In the group of 52 patients who underwent varicocele repair, sperm count (mean ± SD) at admission was , linear motility was %, and normal morphology was %. Semen analysis after surgery in the varicocele group showed a significative increase in sperm concentration and normal morphology ( %) while a nonsignificative increase was observed in sperm motility ( %).

4. Discussion

4.1. Altered Semen Parameters and Spontaneous Conception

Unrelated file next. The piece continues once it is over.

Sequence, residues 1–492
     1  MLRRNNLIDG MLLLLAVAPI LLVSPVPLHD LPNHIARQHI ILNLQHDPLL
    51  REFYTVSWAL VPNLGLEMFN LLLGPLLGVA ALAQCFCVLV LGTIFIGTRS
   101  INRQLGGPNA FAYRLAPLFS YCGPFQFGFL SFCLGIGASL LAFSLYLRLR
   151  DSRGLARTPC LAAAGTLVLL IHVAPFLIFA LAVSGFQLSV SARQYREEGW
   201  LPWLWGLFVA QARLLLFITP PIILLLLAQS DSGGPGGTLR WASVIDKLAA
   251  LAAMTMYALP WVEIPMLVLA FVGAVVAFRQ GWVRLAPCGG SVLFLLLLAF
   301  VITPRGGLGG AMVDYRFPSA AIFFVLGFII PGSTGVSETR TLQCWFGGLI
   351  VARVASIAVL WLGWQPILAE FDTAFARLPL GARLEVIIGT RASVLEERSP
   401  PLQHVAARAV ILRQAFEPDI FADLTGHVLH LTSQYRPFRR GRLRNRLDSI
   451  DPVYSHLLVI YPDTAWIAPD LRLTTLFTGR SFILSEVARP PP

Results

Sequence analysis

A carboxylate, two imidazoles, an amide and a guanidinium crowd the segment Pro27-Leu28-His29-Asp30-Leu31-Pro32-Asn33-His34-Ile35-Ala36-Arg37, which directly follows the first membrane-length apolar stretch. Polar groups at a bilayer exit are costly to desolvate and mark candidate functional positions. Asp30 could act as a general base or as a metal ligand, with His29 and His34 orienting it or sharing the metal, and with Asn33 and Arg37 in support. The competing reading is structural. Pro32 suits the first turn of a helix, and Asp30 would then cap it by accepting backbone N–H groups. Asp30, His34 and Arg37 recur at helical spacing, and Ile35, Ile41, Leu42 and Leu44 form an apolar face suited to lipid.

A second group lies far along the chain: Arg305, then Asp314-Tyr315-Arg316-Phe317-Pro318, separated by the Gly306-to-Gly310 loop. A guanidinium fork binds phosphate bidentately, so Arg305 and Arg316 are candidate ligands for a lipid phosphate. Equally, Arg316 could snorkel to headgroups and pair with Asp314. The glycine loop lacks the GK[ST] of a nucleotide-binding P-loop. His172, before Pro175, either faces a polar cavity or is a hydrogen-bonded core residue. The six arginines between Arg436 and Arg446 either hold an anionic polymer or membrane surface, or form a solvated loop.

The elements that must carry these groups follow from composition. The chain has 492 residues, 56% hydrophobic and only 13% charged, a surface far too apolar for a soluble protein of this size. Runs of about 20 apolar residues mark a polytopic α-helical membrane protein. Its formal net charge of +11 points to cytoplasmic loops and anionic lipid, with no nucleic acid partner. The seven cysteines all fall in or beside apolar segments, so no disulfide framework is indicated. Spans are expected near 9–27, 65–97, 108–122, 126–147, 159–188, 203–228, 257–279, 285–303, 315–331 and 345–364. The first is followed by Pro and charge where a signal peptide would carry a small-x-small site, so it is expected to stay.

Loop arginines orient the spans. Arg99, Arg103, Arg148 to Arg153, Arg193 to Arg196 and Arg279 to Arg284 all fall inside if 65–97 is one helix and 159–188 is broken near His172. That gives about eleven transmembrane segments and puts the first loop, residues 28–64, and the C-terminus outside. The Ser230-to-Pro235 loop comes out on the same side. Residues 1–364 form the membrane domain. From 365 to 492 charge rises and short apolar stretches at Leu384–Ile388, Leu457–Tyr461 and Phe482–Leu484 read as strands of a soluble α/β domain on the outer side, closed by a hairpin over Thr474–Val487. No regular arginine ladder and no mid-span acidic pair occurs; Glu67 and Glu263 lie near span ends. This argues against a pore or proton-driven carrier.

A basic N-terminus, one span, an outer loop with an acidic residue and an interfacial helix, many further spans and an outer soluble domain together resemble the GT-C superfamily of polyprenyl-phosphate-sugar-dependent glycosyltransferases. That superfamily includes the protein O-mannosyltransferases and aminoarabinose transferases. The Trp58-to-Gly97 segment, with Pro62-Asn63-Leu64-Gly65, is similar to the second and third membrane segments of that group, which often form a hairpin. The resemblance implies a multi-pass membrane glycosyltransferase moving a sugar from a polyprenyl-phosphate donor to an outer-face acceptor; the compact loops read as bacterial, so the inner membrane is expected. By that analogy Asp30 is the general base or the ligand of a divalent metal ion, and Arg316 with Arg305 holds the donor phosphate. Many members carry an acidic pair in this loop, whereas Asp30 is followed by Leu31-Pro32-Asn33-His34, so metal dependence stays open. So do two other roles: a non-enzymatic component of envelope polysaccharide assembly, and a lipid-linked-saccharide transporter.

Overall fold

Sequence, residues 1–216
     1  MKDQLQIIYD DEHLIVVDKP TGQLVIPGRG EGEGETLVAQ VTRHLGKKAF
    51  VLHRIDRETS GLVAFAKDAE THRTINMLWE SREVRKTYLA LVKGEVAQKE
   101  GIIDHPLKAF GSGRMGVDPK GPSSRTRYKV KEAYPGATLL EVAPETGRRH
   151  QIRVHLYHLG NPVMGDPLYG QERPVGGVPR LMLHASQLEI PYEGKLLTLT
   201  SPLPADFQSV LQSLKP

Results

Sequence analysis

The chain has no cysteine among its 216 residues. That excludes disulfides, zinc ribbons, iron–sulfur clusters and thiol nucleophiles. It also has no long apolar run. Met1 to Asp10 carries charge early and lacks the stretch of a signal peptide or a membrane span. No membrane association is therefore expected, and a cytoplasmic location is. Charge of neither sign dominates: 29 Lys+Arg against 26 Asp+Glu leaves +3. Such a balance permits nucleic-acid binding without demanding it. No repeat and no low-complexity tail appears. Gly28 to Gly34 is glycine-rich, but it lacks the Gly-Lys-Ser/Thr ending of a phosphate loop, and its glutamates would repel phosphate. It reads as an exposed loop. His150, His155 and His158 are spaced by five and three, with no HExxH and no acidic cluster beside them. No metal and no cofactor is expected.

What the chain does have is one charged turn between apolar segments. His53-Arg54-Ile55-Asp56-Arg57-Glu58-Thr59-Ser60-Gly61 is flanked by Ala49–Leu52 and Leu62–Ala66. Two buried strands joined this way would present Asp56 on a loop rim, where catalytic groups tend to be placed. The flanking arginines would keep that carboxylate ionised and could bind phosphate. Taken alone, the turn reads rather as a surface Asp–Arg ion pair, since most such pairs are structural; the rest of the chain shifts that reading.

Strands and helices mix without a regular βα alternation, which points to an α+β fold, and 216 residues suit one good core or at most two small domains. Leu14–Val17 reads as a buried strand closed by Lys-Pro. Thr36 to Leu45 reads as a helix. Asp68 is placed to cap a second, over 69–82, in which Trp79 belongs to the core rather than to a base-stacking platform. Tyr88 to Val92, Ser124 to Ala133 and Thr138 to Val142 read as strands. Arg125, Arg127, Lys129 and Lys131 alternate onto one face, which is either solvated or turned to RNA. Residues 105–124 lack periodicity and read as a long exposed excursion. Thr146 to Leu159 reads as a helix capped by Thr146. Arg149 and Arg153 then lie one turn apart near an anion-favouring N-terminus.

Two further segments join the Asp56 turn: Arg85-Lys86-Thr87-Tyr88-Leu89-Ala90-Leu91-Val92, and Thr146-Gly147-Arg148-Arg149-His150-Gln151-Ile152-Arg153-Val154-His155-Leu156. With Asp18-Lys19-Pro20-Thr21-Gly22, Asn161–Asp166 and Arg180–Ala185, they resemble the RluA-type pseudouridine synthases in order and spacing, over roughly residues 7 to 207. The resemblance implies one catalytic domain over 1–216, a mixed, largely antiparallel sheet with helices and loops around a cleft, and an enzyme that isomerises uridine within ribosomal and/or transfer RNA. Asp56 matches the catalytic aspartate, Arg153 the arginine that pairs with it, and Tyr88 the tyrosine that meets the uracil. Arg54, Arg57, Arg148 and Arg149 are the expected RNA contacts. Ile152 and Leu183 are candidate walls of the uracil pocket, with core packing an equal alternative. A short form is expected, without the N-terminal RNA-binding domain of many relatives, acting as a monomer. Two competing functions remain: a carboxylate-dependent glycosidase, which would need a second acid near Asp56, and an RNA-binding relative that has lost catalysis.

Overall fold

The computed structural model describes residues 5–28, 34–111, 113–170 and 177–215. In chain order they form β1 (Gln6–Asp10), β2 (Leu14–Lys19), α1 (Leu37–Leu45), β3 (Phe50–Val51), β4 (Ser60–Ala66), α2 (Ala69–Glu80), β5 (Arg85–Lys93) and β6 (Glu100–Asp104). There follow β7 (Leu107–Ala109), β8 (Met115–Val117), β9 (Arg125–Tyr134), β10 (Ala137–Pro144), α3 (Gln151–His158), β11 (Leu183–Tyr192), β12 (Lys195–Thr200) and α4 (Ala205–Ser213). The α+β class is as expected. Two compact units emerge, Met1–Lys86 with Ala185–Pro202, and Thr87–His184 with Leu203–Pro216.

Subfertility is a common condition affecting at least 15% of couples during their reproductive lives, and in half of these, a male factor is involved [1]. Recent evidence has questioned the clinical value of WHO criteria for basic semen analysis in the prediction of fecundity [8]. We report 453 pregnancies which occurred between January 2004 and June 2009 among 2935 infertile couples evaluated at our institute. In the infertile couples, we applied a standard protocol in terms of investigation and therapeutical management of couples affected by infertility, performed in both partners in a sequential and parallel way. This was achieved by a unified clinical management of the couple, which includes gynecologists, endocrinologists, and andrologists, with specific interest in the field of human reproduction.